6. A Wealth-Creating Local Economy

New Zealand's number one export is milk. It's number 1 import is petroleum and number 3 cars & trucks. Traditionally, it suffered from the tyranny of distance, but with fibre-optic broadband anywhere in the world can be everywhere else. From an economic perspective it changes everything, and most importantly, it means the time of villages and towns has come once again. Businesses no longer need to concentrate in cities to be near their customers, suppliers, professionals and competitors. They can select location based on quality-of-life considerations. It is this new revolution, the technology revolution that makes the MarketTown concept economically feasible.

In Auckland's hot real estate market, higher-quality, lower-priced homes in a socially and culturally enriched community would sell out rapidly. However, it would be a mistake to sell first-come/first-serve. Instead, the MarketTown will focus on attracting head-of-household jobs. In this way, the people who will work locally will be the first eligible to buy or rent a home. This takes commuters off the road. It keeps the villages lively and active during the day. It provides children whose classrooms are on the plaza with working-adult role models. It supports the cafes and restaurants during the work day. It provides more cohesion for families, who may all walk home for lunch or meet at the affordable village cafe.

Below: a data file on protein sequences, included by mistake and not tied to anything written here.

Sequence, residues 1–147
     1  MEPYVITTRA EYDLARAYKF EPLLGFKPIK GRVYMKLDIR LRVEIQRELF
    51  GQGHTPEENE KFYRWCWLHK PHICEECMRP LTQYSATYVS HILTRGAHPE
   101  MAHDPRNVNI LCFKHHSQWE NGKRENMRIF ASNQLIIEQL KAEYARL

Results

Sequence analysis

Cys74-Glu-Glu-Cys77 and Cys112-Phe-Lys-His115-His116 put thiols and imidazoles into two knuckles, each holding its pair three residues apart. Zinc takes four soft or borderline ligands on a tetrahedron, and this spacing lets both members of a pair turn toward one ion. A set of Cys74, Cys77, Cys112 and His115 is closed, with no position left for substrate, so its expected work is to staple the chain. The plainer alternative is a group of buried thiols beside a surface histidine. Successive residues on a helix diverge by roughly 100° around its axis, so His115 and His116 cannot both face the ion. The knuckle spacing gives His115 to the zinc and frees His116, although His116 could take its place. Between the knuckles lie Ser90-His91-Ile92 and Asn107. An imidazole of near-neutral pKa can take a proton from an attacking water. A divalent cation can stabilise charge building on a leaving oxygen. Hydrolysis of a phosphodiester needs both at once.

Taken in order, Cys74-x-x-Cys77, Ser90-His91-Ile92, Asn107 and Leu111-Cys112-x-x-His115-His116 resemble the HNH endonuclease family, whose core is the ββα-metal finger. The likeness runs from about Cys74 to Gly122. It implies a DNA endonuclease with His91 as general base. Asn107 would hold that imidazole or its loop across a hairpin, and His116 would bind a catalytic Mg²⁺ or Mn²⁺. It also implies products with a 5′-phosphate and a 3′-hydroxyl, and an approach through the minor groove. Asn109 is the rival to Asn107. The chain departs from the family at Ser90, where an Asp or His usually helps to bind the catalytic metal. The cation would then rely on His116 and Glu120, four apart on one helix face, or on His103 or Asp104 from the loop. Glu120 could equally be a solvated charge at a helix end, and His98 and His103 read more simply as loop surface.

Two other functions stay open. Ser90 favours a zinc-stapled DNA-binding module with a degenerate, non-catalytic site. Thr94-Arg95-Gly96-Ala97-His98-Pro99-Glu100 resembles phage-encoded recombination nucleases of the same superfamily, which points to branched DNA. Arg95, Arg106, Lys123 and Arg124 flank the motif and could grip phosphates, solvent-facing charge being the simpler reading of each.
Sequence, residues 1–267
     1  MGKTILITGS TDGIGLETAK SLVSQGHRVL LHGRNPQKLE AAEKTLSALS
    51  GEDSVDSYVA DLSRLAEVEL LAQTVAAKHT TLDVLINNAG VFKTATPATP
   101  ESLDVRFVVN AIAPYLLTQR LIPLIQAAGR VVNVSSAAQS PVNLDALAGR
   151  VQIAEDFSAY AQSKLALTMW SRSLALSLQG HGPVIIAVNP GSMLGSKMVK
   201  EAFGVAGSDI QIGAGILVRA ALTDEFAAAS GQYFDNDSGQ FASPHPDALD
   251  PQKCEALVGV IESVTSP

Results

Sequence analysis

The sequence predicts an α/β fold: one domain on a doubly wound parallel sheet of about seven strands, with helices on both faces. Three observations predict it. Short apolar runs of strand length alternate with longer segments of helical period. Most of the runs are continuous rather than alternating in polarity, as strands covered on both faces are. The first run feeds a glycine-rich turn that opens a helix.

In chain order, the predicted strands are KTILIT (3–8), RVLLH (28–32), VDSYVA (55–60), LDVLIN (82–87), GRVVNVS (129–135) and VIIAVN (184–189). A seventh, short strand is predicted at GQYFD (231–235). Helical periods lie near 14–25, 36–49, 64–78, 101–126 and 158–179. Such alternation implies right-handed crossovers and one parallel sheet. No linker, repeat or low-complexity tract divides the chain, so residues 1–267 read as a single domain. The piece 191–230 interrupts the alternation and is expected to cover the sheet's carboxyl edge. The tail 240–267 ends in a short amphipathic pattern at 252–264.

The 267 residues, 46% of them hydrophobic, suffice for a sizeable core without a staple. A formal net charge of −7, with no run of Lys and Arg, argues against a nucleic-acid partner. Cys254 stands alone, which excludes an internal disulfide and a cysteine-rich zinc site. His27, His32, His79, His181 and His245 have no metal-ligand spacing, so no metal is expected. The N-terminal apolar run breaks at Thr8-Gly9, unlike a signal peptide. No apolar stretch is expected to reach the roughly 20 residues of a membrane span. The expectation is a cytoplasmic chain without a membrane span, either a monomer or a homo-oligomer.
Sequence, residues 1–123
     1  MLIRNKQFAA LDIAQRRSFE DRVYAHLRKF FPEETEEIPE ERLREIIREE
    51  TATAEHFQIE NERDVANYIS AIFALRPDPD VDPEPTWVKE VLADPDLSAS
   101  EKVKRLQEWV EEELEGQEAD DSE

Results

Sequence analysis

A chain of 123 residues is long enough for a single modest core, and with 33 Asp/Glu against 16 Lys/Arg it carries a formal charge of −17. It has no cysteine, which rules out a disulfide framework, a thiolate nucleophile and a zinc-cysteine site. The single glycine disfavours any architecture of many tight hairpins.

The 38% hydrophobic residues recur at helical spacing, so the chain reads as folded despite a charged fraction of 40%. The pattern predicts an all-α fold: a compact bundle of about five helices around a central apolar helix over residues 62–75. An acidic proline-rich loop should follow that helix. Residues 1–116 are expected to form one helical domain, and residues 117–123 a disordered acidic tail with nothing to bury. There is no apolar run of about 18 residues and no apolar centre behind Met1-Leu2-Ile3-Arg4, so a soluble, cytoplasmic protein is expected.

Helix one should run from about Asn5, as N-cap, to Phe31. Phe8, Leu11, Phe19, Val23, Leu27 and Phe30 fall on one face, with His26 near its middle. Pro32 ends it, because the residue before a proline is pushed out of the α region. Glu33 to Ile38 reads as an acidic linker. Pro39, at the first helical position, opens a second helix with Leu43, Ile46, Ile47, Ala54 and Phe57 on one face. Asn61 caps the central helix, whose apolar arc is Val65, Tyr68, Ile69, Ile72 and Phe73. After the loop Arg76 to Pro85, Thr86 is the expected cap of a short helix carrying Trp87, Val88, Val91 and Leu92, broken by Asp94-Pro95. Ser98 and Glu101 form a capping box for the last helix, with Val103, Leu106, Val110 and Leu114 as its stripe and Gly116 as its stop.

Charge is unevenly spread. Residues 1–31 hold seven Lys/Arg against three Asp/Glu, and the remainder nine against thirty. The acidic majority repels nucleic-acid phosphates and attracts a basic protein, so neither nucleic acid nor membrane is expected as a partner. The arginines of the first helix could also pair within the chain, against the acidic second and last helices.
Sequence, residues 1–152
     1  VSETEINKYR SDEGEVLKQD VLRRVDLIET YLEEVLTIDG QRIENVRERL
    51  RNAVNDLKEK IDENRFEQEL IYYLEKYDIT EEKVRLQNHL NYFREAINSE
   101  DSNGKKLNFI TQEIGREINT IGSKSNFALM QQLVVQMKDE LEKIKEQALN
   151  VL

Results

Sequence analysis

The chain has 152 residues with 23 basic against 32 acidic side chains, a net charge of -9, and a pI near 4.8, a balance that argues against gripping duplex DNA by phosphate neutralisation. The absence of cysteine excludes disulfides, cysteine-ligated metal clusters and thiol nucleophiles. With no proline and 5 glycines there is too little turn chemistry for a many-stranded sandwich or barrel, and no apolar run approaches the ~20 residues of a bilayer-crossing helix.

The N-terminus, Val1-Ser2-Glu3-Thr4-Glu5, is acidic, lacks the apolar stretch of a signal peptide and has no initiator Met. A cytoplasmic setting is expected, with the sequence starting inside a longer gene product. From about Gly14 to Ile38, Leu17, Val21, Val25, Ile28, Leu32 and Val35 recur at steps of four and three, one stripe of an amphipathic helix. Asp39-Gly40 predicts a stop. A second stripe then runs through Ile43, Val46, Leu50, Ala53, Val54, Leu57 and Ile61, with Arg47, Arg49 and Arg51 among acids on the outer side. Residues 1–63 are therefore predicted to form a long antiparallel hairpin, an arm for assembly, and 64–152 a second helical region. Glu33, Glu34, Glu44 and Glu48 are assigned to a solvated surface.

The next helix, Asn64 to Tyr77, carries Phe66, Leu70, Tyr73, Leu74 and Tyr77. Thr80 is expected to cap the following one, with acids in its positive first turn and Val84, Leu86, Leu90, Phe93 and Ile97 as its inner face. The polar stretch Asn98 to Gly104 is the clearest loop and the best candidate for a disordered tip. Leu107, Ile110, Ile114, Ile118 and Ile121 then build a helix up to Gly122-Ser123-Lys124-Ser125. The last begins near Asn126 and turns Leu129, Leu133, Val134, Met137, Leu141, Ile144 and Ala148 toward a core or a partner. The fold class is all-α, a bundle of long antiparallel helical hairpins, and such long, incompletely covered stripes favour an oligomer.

To make this happen, the MarketTown uses mixed-use micro-zoning. Mixed use means workplaces in the villages, larger office buildings in the town centre and blue collar jobs in the walk-to industrial park. Microzoning means that the plazas have businesses with high foot traffic, whereas secondary pedestrian streets would have home offices with few visitors during the workday.

The other significant point of difference is how the price of homes is structured. As a prototype, an 80/10/10 pricing structure is used. 80% is the total cost - land, building, common investments. Then the purchase price includes a mandatory 20% in lieu of the social enterprise taking profits. Half (10%) goes into a Legacy Fund that is used to provide financing and venture capital for the SME businesses that move into the MarketTown. Estimated as a fund of about $200 million, this enables those SME businesses to be more competitive. In addition to financing, the Legacy Fund employs top talent that assists those SME businesses to grow and become more profitable. In this way, private enterprise of individual businesses find that New Zealand, and in particular, the MarketTown enables them to be more successful. They can provide more jobs, so that the MarketTown achieves a target of zero unemployment and finds that all its citizens can enjoy a living wage or better.

The other 10% of the prototype project is used to start second generation projects elsewhere in NZ and overseas. This money comes back to the first MarketTown later on. We highlight the word "prototype" to make a distinction between a social enterprise and the subsequent projects built by mainstream developers. Once the first MarketTown is built in Auckland, it is hoped that the Council will include it as a permitted model that developers can build. They will set their own pricing and policies, but will find that it becomes a low-risk project that should have strong Council support.

More in this category: « 5. Recreation and Sport